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A provincial career in propaganda and the party school could have been the terminus of her career. But in 2009 though she completed the ministerial-level Central Party School mid-career course. This provincial cadre level mid-career training is the funnel through which national-level leaders emerge. By 2012 Shen was vice governor of Guizhou, by 2015 a vice party secretary of the Guizhou Political and Legal Affairs Commission, and successively in 2018 and 2020 Shen ascended to first governor and then party secretary of Guizhou.

Shen’s direct rise was likely sped up close to the 2022 promotion round, where she is now in excellent position to assume a role in Politburo. From there, she can defend core party interests against any possible liberal-right resurgence in 2027.

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Shen is well suited to take one of the six party positions in 20th Central Committee Politburo. She could be director of propaganda, the National Supervisory Commission, the General Office, or the Organization Department. Propaganda would be most likely, with Organization more likely to go to someone with more national and Beijing experience. Though less likely, Shen also qualifies for a state position, perhaps as third or fourth vice minister. However, her career trajectory conforms more to a party position in the Politburo. As director of propaganda, Shen could fit well into a restrengthened nexus of the six party organ seats on the Politburo.

Her obvious weaknesses are her lack of foreign policy experience, Beijing national experience or economic management. But within the institutional nexus of the party positions, Shen should be a comfortable and confident leader behind the state policy scenes. It would be easy to imagine her forming close working relationships with Chen Quanguo, who has vast experience in Organization Departments, and Chen Yixin in the Central Political and Legal Affairs Commission where Shen has provincial experience.

Chen Xi is retiring, meaning that dean of the Central Party School is an additional position possibly open to Shen. Central Party School dean is no longer limited to a Standing Committee member and confers no status within the Politburo, but would be an excellent career highlight for Shen, and would give the Politburo a solid party ideology professor who could lead party-building for the 2020s. If Shen does not ascend to the Politburo, she would still likely be promoted to a central position, probably as a state councilor or in one of the higher Political and Legal Affairs Commission positions. But by the identity composition rule of one woman, Shen will almost certainly replace Sun Chunlan in Politburo. Sun, though, is an adept administrator and state agent, who controls a sprawling policy portfolio with high degrees of both policy competence and leadership. By contrast, Shen’s interests in governance are less technical, more hands-off, and more focused on party-building, CCP history, and theory. Shen’s career is more reminiscent of former Deputy Secretary General of the State Council Jiang Xiaojuan, or party ideology architect Wang Huning, though perhaps not matching either academically.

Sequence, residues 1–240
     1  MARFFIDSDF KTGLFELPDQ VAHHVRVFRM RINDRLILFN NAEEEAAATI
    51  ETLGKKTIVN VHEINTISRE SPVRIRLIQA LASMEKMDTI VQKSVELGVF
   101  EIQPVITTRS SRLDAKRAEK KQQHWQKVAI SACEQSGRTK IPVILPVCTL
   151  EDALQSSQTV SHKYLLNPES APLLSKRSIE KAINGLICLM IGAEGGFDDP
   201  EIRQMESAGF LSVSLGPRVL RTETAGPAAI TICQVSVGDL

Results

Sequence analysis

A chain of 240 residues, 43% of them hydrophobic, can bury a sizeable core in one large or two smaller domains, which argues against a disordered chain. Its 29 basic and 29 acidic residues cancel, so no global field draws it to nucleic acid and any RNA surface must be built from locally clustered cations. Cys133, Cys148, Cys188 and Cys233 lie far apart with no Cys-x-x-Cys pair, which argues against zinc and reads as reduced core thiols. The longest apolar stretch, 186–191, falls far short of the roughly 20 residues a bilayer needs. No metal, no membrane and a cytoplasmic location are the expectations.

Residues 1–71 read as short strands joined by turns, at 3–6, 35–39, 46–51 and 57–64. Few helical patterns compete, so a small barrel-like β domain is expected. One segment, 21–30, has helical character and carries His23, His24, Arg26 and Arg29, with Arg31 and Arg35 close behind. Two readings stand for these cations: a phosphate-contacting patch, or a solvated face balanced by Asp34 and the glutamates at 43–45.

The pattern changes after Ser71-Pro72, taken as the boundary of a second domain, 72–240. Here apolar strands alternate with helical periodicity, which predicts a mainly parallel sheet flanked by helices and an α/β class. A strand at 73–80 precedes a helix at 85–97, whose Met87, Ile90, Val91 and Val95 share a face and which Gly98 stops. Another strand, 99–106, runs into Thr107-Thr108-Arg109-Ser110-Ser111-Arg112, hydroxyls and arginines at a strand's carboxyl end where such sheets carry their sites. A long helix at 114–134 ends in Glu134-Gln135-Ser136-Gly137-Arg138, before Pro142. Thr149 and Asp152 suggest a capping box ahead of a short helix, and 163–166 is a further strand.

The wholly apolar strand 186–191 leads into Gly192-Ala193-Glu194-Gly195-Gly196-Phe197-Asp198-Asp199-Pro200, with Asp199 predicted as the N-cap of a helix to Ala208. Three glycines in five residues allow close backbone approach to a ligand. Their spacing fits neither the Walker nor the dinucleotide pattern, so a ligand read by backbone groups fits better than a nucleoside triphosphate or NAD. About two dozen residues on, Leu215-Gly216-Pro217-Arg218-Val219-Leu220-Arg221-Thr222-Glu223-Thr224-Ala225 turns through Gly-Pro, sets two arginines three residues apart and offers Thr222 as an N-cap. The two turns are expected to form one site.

Xi’s central “New Era” turn from economic theory to CCP theory, though, opens many doors for Shen at the national level. Expect her to be deep in the political discussion on ideological formation and new forms of party history interpretation, narrative control, and history-political synthesis for the consumption of both domestic audiences in China and select international target audiences. As the CCP’s public relations effort is increasingly focused on domestic audiences, though, her connection to the regional base of the expanding Guizhou clique will likely be seen as more important as party-building continues to dominate state policy.